Wesley’s Schlosser finds new passion in decathlon

Pat Schlosser’s total of 6,211 points at the Penn Relays is the ninth-highest decathlon total in NCAA Division III this season.  (Wesley sports information)

Pat Schlosser’s total of 6,211 points at the Penn Relays is the ninth-highest decathlon total in NCAA Division III this season. (Wesley sports information)

Pat Schlosser had been through concussions before.

But, for whatever reason, the concussion he suffered in Wesley College’s preseason football camp last August affected him much more deeply.

“After those concussions in high school, I was able to get back to myself fairly quickly,” said the 6-foot, 180-pound sophomore wide receiver.

“This one had kind of a deep impact emotionally. I went through some rough spells emotionally.

“I was really in a rut for a while and I couldn’t really get out of it.”

Among other things, Schlosser says the head injury robbed him of his love for football. The risk just didn’t seem worth it.

Eventually, he left the team.

“I don’t think I want to go through what I went through again,” he said. “It was very scary — and it was scary because I was aware enough of myself to know I was going through it. But I was emotionally unstable to some point where I just didn’t want to help myself. I got to some pretty low points.”

Schlosser said there were so many people who helped him get through that tough stretch — from his parents, to Wesley’s academic staff and counselors to the Wolverines’ football staff.

He was finally able to pull his life back together.

“They always had nothing but positive energy they were funnelling into my life,” said Schlosser. “Thank goodness I was able to get back on the right track. Now I’m feeling better than ever. I have a new outlook on life and it’s thanks to everybody here at Wesley College. They saved my life.”

If Schlosser’s athletic career had ended with his football career, nobody would have blamed him.

But it didn’t.

Instead, Schlosser focused all his drive and athletic ability into a track & field event that takes plenty of both — the decathlon. He found his passion for a sport again.

Earlier this week, Schlosser was in Philadelphia’s cavernous, old Franklin Field, competing in the Penn Relays, the sport’s most prestigous meet.

“It’s awe-inspiring, to say the least,” said Schlosser. “It’s a phenomenally humbling experience to know who’s run on that track before — whose footsteps you’re running in and throwing in. … It didn’t really hit me until the second day where I was competing and what I was doing.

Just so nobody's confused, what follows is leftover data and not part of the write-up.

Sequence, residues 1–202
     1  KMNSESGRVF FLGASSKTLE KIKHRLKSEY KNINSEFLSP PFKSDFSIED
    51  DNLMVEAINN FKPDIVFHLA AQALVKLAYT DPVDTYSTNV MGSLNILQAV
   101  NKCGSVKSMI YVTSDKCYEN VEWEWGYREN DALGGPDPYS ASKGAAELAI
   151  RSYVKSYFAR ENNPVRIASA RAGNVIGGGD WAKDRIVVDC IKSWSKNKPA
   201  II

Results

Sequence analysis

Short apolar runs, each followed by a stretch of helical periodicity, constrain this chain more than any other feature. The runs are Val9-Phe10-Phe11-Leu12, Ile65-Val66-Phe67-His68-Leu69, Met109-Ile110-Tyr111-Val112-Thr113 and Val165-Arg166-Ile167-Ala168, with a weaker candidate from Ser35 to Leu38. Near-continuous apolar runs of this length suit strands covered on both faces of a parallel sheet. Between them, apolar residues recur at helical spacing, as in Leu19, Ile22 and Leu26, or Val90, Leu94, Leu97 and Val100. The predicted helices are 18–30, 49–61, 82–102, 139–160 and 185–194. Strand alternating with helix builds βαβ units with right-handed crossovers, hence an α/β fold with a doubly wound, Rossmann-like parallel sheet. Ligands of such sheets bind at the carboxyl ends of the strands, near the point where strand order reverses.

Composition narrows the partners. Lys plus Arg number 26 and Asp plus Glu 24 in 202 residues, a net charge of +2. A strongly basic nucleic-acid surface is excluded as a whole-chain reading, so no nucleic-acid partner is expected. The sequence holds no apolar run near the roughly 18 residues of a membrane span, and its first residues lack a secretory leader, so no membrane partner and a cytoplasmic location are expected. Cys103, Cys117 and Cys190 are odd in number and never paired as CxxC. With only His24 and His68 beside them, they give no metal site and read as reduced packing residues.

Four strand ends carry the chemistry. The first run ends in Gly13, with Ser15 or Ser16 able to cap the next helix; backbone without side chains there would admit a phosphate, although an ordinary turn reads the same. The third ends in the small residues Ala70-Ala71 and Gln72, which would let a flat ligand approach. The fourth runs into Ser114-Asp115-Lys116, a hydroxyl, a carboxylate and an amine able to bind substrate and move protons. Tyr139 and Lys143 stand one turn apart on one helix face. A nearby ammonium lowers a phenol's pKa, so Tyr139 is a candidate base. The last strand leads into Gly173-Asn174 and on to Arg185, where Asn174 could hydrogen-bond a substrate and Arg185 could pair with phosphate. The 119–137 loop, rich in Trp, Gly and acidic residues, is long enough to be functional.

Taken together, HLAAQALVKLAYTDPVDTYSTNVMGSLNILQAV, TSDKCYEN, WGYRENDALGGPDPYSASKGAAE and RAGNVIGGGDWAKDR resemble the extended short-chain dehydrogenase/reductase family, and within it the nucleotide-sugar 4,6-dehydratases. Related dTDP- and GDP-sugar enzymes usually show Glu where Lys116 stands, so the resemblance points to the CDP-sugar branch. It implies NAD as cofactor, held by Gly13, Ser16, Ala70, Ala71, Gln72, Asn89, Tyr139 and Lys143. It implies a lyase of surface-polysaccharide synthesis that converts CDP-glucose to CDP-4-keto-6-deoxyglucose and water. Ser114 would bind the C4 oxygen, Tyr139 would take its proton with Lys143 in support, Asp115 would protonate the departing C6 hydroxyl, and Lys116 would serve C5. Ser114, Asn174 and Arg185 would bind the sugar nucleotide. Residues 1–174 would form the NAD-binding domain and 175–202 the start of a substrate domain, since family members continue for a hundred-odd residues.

“I remember pole vaulting and I was a little frustrated. I took a look around and I couldn’t help but just smile and feel beyond blessed that I was in the situation I was in.”

Competing in just his third decathlon, Schlosser finished third at the Penn Relays. The only competitors ahead of him were from Cornell and Franklin Pierce.

Schlosser won five of the 10 events that make up the decathlon, taking first in the discus, the shot put and the 1,500, 100 and 400-meter runs.

What made Schlosser’s showing even more remamrkable was that it was his second decathlon in a span of just six days.

Wesley track coah Stephen Kimes said he tried talking Scholosser out of competing in the first meet, at Morgan State, but the youngster said he needed the experience.

At the Penn Relays, Kimes mentioned Schlosser’s unusual double to longtime Cornell coach Nathan Taylor.

“He told me in his 35 years as a head coach, he’s never heard of anything like that,” said Kimes. “Whenever anyone’s complaining about a workout or pain, he’s now going to use Patrick as his example.”

Kimes doesn’t think Schlosser is done yet this season, either.

Schlosser’s total of 6,211 points at the Penn Relays is the ninth-highest decathlon total in NCAA Division III this season. With more improvement in some of his events, Kimes doesn’t think a national championship is out of the question.

“Being just a young decathlete, I think he’s going to get at least one national championship in his career,” said Kimes. “It’s amazing when you do one decathlon at Morgan State and then you come back two days later and you go faster or you jump further. It’s unbelievable but that’s what he did.”

“My number one goal is to win nationals,” said Schlosser. “I will always try to aim as high as I can. I do believe it is an attainable goal.”
Whether or not Schlosser wins a national title isn’t necessarily the point, though.

It’s more about the fact that he’s bounced back from one of the toughest times in his life to find something that drives him again.

“It’s more so a mentally natural fit than it is a physically natural fit,” Schlosser said about the decathlon. “I love being challenged and working on new things. The decathlon is the perfect platform to try to expand on what I can do and just try to be the best person I can be.

“I think it’s the most adversity in track & field that I can put myself through. … Every single time I step out there, it teaches me another life lesson.”

Odds & ends

•Longtime Caesar Rodney High boys’ tennis coach Jim Harvey posted his 300th victory in a 5-0 win over Salesianum on April 17. In 31 seasons, Harvey’s career record now stands at 303-86.

•Cape Henlopen High’s powerhouse girls’ lacrosse program will bring its 79-game instate winning streak to Woodside on Tuesday for a 5 p.m. showdown with unbeaten Polytech (9-0). The Vikings (7-3) beat the Panthers 17-7 a year ago.

•Tickets for the 40th annual Delaware Sports Museum Hall of Fame banquet are on sale through Tuesay. The event will be held on May 5 at the Chase Center on the Waterfront in Wilmington.

There are two downstate inductees in this year’s class — former Dover High track coach Bob Neylan and Cape Henlopen High field hockey standout Carrie Lingo.

Email Sue Holloway at sueholloway@comcast.net or go to www.desports.org for more ticket information.

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